Saturday, April 24, 2010

Girl on Book Action: Perfume: The Story of a Murderer by Patrick Süskind

Perfume: The Story of a Murderer by Patrick Süskind
ISBN: 0-375-72584-9


In the slums of 18th-century Paris a baby is born and abandoned, passed over to monks as a charity case. But the monks can find no one to care for the child – he is too demanding, and he doesn’t smell the way a baby should smell. In fact, he has no scent at all.

Jean-Baptiste Grenouille clings to life with an iron will, growing into a dark and sinister young man who, although he has no scent of his own possesses an incomparable sense of smell. Never having known human kindness, Grenouille lives only to decipher the odors around him, the complex swirl of smells – ashes and leather, rancid cheese and fresh-baked bread – that is Paris. He apprentices himself to a perfumer, and quickly masters the ancient art of mixing flowers, herbs and oils. Then one day he catches a faint whiff of something so exquisite he is determined to capture it. Obsessed, Grenouille follows the scent until he locates its source – a beautiful young virgin on the brink of womanhood. As his demented quest to create the “ultimate perfume” leads him to murder, we are caught up in a rising storm of terror until his final triumph explodes all of its horrifying consequences. Told with dazzling narrative brilliance, Perfume is a hauntingly powerful tale of unnatural passion and sensual depravity.

Preface: This week we once again offer up a combination post, where I review the book and Wren shall review the movie version of Perfume. These reviews are also part of the vampire reviews (I explain this connection in more detail in my actual review, so keep reading). Now onwards to the actual post!

My Thoughts:

This was the second time that I’ve read this novel, but the first time I read it was some six years ago. I have to admit, I’m not sure how I feel about this book, regardless of having read it more than once.

I’m just going to get into it without much preamble. I think the problem I have with this story is that there is nothing human that allows the reader to relate to what is happening. Grenouille is a character with whom you can’t really sympathize and none of the other characters are even present enough to act as anchors. Now, you might argue that not having a character to be emotionally involved with allows for critical thought regarding the material being presented, and you might be right. However, I think that it is possible to write emotionally engaging fiction that also makes readers think.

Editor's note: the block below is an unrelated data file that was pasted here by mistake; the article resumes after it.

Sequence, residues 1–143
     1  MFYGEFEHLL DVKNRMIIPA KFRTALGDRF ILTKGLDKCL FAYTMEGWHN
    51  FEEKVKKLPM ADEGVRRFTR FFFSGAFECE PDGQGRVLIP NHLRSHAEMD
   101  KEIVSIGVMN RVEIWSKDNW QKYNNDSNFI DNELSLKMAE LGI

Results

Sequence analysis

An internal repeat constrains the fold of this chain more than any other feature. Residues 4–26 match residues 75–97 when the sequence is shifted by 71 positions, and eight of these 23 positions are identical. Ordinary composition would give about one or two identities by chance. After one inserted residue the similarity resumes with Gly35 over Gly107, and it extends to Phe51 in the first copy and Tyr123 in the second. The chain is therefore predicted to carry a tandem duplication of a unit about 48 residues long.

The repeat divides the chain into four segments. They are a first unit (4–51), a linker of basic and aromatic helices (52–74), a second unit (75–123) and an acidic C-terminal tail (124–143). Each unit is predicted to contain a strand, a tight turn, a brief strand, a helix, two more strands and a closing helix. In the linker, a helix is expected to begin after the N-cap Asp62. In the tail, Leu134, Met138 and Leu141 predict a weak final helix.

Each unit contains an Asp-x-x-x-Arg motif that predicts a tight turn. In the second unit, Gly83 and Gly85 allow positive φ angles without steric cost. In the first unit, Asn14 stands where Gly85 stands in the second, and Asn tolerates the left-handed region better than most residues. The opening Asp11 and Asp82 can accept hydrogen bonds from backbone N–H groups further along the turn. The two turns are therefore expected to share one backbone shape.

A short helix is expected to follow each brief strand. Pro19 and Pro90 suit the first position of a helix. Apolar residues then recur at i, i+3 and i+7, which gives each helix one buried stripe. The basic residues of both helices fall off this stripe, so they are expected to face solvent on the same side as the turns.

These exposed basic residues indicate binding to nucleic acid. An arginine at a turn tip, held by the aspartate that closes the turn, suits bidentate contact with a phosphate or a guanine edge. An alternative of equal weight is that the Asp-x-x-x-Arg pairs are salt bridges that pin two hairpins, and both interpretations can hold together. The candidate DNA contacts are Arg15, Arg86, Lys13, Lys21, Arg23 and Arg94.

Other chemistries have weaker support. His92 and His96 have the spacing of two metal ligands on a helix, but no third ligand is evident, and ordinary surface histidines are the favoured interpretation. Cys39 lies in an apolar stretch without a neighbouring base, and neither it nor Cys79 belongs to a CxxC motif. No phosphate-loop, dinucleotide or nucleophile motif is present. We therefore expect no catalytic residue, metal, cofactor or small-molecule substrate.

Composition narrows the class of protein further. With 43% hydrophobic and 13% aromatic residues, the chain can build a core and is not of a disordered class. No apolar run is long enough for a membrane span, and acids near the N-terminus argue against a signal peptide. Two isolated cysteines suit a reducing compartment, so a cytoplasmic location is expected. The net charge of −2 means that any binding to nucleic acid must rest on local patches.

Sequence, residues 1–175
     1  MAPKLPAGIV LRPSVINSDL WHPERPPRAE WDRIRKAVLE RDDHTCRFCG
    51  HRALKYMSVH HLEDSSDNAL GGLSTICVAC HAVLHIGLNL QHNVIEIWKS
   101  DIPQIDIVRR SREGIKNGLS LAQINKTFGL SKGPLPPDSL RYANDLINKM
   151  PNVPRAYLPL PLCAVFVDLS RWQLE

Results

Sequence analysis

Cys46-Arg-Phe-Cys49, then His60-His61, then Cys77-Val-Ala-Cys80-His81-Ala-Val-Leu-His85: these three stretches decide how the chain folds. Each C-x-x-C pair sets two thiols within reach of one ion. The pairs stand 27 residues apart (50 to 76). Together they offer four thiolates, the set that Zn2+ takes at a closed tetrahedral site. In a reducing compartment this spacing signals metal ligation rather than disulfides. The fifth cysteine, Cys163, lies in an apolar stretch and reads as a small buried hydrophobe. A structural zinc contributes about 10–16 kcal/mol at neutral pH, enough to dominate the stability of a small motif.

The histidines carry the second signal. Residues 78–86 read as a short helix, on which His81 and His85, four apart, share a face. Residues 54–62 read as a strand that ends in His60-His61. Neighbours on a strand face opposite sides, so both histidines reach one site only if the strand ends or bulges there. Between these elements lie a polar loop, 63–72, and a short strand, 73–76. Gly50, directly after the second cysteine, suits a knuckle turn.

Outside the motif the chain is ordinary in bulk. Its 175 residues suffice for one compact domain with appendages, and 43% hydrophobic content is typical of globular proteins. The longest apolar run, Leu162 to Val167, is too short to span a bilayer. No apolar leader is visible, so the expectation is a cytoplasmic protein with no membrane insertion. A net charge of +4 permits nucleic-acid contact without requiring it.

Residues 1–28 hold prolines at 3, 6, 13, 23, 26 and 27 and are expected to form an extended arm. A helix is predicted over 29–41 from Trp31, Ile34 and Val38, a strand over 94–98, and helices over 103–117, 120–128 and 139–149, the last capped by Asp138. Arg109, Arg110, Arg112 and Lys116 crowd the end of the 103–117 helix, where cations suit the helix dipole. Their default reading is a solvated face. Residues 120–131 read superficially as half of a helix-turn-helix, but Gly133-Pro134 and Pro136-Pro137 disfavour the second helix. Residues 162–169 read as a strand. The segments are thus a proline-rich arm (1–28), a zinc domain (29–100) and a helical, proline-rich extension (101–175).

The novel is well written, although I wonder if maybe some of the impact was lost in the translation (the book was written in German). I always felt as though I was skimming on the top of the narrative without really being able to dive below the surface. Stylistically speaking there were also a lot of long passages of descriptions of different smells, which I found to be a little bit too much as these sections sometimes just ended up being long lists of things.

Perhaps the language and the characterization combined were what made me feel as though I was always held too far outside of the narrative and so didn't enjoy the book as much as I might have liked. I suppose a book needs at least one of the two to make me feel engaged with what I'm reading and this one delivered neither.

Probably the most interesting exercise with regard to this novel is reading Grenouille as a sort of vampire: he doesn’t have a scent of his own so he has to steal scent from objects and ultimately people in order to survive. Rather than killing for blood, he is killing for scent. Given my interest in vampires, this kind of reading is appealing to me (and the possibility of this reading is also why this novel and movie are included in the material of the vampire class I took some years ago).

My overall sentiment is actually that I was bored reading most of the time, and I can’t tell if that has to do with having read the book before, or if I was just bored in general. No matter how hard I try to be interested in the ideas presented regarding human nature, the importance of something like scent, nature versus nurture I just can’t get excited about any of it. I thought that a character with such disdain for humanity might be an engaging perspective, but I was wrong. Perhaps I’m just not an olfactory person and that may detract from my involvement with the topic. Or maybe it’s just that it’s very difficult to write a novel where the primary sense is that of smell, because the written word might not be adequate in conveying this sense. I just can’t tell exactly where the problem is, so I’m left feeling bored and vaguely annoyed.

No comments:

Post a Comment